* 6 pages, 4 figures. Accepted in IEEE ICETCI 2021 
  
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RelationRS: Relationship Representation Network for Object Detection in Aerial Images

Oct 13, 2021
Zhiming Liu, Xuefei Zhang, Chongyang Liu, Hao Wang, Chao Sun, Bin Li, Weifeng Sun, Pu Huang, Qingjun Li, Yu Liu, Haipeng Kuang, Jihong Xiu

Object detection is a basic and important task in the field of aerial image processing and has gained much attention in computer vision. However, previous aerial image object detection approaches have insufficient use of scene semantic information between different regions of large-scale aerial images. In addition, complex background and scale changes make it difficult to improve detection accuracy. To address these issues, we propose a relationship representation network for object detection in aerial images (RelationRS): 1) Firstly, multi-scale features are fused and enhanced by a dual relationship module (DRM) with conditional convolution. The dual relationship module learns the potential relationship between features of different scales and learns the relationship between different scenes from different patches in a same iteration. In addition, the dual relationship module dynamically generates parameters to guide the fusion of multi-scale features. 2) Secondly, The bridging visual representations module (BVR) is introduced into the field of aerial images to improve the object detection effect in images with complex backgrounds. Experiments with a publicly available object detection dataset for aerial images demonstrate that the proposed RelationRS achieves a state-of-the-art detection performance.

* 12 pages, 8 figures 
  
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Underwater object detection using Invert Multi-Class Adaboost with deep learning

May 23, 2020
Long Chen, Zhihua Liu, Lei Tong, Zheheng Jiang, Shengke Wang, Junyu Dong, Huiyu Zhou

In recent years, deep learning based methods have achieved promising performance in standard object detection. However, these methods lack sufficient capabilities to handle underwater object detection due to these challenges: (1) Objects in real applications are usually small and their images are blurry, and (2) images in the underwater datasets and real applications accompany heterogeneous noise. To address these two problems, we first propose a novel neural network architecture, namely Sample-WeIghted hyPEr Network (SWIPENet), for small object detection. SWIPENet consists of high resolution and semantic rich Hyper Feature Maps which can significantly improve small object detection accuracy. In addition, we propose a novel sample-weighted loss function which can model sample weights for SWIPENet, which uses a novel sample re-weighting algorithm, namely Invert Multi-Class Adaboost (IMA), to reduce the influence of noise on the proposed SWIPENet. Experiments on two underwater robot picking contest datasets URPC2017 and URPC2018 show that the proposed SWIPENet+IMA framework achieves better performance in detection accuracy against several state-of-the-art object detection approaches.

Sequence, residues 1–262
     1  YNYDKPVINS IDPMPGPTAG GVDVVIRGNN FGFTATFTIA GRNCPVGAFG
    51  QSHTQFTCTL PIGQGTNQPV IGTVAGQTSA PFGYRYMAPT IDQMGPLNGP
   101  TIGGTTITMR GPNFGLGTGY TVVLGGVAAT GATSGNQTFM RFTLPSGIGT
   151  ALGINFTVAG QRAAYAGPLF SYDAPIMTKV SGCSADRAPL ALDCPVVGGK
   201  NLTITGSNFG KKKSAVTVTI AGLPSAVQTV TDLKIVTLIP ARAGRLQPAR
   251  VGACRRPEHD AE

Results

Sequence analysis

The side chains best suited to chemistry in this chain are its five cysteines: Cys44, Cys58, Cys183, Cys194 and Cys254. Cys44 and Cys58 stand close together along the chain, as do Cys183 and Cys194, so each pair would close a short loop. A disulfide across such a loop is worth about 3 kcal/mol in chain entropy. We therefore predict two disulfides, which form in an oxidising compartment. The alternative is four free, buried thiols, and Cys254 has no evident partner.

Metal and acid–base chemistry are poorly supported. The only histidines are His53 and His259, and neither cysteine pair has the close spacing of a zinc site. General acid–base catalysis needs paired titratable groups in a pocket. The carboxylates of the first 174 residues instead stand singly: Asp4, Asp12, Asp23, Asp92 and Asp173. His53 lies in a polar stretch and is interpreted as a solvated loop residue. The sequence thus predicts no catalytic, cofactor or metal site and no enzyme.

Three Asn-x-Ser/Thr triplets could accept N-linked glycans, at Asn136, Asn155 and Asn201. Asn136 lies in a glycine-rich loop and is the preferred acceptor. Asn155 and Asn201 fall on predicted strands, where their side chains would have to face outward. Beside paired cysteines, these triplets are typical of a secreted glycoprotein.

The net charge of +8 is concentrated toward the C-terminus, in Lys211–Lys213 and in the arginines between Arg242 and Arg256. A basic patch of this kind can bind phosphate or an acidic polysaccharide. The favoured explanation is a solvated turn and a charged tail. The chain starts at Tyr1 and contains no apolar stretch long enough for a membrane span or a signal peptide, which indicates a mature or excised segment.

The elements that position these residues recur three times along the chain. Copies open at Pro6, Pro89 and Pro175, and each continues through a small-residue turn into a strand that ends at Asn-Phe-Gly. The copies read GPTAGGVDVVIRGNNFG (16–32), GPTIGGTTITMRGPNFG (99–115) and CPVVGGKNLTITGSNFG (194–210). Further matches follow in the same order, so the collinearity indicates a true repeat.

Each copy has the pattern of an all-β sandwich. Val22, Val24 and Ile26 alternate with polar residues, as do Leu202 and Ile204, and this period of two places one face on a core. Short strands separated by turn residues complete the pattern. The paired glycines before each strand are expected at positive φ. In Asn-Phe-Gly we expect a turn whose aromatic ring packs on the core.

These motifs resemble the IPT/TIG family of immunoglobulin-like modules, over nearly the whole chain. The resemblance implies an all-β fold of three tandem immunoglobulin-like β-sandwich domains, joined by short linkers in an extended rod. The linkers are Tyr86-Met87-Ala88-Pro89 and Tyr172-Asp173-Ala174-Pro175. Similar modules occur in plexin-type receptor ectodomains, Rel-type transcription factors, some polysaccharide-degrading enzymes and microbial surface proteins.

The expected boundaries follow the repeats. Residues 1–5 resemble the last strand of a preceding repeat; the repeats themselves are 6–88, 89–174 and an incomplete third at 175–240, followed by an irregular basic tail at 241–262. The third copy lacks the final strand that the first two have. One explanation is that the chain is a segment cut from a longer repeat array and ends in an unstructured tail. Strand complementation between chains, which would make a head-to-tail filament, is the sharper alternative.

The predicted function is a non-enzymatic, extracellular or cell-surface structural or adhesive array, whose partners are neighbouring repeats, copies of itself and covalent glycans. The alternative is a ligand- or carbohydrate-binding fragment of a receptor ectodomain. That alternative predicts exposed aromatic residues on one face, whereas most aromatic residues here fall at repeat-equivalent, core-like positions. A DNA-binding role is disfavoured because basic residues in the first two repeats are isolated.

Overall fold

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A 3D Object Detection and Pose Estimation Pipeline Using RGB-D Images

Mar 11, 2017
Ruotao He, Juan Rojas, Yisheng Guan

3D object detection and pose estimation has been studied extensively in recent decades for its potential applications in robotics. However, there still remains challenges when we aim at detecting multiple objects while retaining low false positive rate in cluttered environments. This paper proposes a robust 3D object detection and pose estimation pipeline based on RGB-D images, which can detect multiple objects simultaneously while reducing false positives. Detection begins with template matching and yields a set of template matches. A clustering algorithm then groups templates of similar spatial location and produces multiple-object hypotheses. A scoring function evaluates the hypotheses using their associated templates and non-maximum suppression is adopted to remove duplicate results based on the scores. Finally, a combination of point cloud processing algorithms are used to compute objects' 3D poses. Existing object hypotheses are verified by computing the overlap between model and scene points. Experiments demonstrate that our approach provides competitive results comparable to the state-of-the-arts and can be applied to robot random bin-picking.

  
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Detection as Regression: Certified Object Detection by Median Smoothing

Jul 07, 2020
Ping-yeh Chiang, Michael J. Curry, Ahmed Abdelkader, Aounon Kumar, John Dickerson, Tom Goldstein

Despite the vulnerability of object detectors to adversarial attacks, very few defenses are known to date. While adversarial training can improve the empirical robustness of image classifiers, a direct extension to object detection is very expensive. This work is motivated by recent progress on certified classification by randomized smoothing. We start by presenting a reduction from object detection to a regression problem. Then, to enable certified regression, where standard mean smoothing fails, we propose median smoothing, which is of independent interest. We obtain the first model-agnostic, training-free, and certified defense for object detection against $\ell_2$-bounded attacks.